In a memo dated March 20, the Joint Committee on Taxation reported that the Buffett rule would raise $47 billion over the next 10 years. Republicans immediately seized on this figure as evidence of purely political motivation behind the proposal and its shortcoming as a serious deficit reduction measure. Republican Sen. Orrin G. Hatch of Utah, ranking minority member of the Senate Finance Committee, said: "The President's so-called Buffett rule is a dog that just won't hunt. It was designed for no other reason than politics -- there is no economic rationale for it." The $47 billion estimate is repeatedly cited by the media.
The JCT is Congress's official scorekeeper. Official estimates are scored against official baselines. As clearly stated in the memo accompanying the estimate, the JCT scored the proposal against the current-law baseline. Under current law at the end of 2012, the top ordinary rate increases from 35 percent to 39.6 percent, the dividend rate increases from 15 percent to 39.6 percent, and the capital gains rate increases from 15 percent to 20 percent. It is true that if we revert to a pre-2001 world, the impact of a Buffett rule would be relatively small, as the $47 billion figure suggests. But in the world we are likely to be facing for many years to come -- where Republicans have veto power over any tax increases -- a Buffett rule would likely raise much more than the oft-quoted $47 billion figure. Tax Analysts has confirmed this with the office of Sen. Sheldon Whitehouse, D-R.I., the lead sponsor of the Buffett rule legislation in the Senate. If the Bush tax cuts are extended, application of the Buffett rule would raise $162 billion over 10 years.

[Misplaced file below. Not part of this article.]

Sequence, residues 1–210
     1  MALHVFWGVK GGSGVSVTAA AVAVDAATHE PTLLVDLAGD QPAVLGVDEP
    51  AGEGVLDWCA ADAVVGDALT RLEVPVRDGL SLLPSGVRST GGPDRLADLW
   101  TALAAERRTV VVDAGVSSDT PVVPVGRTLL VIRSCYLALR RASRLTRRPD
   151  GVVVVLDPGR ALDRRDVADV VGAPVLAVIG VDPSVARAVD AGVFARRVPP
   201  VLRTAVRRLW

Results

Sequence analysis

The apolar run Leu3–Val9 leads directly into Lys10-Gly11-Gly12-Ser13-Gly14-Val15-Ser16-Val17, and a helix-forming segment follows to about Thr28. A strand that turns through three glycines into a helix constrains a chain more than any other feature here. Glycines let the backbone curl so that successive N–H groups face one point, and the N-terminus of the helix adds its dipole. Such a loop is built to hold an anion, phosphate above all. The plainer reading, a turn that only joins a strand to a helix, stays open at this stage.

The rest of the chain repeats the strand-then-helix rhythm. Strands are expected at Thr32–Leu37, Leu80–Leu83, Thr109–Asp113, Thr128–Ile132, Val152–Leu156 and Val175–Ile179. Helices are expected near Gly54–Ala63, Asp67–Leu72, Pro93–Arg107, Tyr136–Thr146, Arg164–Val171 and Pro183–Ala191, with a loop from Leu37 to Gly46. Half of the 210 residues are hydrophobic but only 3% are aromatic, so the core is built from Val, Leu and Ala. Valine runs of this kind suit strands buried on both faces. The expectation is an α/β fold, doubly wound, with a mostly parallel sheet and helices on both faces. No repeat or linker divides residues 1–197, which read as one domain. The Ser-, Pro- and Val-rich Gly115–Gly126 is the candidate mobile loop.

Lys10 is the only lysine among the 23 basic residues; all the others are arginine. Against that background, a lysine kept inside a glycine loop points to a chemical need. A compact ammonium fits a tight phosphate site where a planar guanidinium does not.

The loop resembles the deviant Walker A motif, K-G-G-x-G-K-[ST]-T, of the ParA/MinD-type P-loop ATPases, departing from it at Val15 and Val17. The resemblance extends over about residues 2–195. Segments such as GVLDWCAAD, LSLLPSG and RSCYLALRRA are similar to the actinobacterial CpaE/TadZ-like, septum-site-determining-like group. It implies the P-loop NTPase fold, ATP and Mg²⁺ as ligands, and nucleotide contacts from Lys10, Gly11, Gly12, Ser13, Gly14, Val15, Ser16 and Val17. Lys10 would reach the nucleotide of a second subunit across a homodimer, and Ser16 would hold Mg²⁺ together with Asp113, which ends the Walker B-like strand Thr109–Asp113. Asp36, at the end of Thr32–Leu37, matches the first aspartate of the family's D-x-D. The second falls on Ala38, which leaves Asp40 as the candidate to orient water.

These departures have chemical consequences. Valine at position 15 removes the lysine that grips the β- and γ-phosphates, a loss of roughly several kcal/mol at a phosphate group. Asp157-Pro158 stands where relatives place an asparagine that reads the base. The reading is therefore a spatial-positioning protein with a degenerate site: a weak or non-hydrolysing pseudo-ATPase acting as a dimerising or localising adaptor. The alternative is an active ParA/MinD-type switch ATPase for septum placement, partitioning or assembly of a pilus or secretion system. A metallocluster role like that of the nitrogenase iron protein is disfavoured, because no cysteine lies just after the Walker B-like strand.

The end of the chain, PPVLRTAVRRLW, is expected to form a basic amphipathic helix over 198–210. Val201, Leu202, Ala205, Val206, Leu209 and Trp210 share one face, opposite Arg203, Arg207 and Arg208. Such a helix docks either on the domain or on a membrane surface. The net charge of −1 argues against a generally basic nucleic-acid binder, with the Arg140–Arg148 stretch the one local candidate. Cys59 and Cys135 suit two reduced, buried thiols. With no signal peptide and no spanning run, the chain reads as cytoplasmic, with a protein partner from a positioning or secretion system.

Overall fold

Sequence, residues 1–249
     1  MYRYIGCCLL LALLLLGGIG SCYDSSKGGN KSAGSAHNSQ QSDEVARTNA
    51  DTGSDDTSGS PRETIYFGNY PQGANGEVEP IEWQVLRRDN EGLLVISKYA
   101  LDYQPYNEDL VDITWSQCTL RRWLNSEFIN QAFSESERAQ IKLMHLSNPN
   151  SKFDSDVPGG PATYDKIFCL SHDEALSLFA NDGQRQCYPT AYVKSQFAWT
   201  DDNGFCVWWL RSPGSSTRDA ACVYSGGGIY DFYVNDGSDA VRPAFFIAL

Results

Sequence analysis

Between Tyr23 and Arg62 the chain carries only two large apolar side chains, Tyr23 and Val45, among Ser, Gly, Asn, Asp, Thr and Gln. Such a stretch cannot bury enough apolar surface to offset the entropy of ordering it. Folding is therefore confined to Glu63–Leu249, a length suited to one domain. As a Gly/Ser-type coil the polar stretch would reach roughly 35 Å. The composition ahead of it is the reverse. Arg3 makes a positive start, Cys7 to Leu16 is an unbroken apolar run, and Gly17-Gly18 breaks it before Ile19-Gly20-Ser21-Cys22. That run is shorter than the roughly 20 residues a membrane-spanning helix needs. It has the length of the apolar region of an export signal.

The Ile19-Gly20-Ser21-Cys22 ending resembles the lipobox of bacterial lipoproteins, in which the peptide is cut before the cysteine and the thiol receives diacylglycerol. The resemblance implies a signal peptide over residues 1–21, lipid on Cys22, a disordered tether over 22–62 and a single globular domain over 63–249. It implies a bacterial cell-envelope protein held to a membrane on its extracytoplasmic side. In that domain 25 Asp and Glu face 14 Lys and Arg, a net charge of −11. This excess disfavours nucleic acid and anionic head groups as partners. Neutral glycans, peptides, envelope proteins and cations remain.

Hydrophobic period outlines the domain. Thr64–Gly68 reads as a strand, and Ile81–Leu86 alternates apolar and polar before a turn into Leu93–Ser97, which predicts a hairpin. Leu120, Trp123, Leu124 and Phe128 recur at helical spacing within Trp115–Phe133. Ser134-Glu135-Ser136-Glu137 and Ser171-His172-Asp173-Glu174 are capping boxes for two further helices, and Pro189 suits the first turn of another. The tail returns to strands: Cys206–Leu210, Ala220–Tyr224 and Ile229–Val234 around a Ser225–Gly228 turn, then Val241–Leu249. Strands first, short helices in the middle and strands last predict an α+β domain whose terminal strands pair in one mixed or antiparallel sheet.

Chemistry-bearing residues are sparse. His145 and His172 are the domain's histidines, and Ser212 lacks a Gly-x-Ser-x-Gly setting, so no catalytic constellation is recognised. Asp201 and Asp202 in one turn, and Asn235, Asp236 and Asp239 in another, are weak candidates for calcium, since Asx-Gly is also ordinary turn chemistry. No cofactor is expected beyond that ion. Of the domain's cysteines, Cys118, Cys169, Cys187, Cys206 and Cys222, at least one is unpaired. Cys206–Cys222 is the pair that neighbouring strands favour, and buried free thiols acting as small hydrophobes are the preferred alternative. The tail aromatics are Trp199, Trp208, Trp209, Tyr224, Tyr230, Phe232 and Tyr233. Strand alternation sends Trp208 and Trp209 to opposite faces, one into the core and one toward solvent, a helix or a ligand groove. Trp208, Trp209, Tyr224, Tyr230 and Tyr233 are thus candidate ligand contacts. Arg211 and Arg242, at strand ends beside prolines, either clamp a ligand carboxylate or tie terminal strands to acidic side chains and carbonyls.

Figure 1. Effective Personal Income Tax Rates on Top 1 Percent
(latest available year)
Source: OECD, Divided We Stand, 2011, Table 9.1.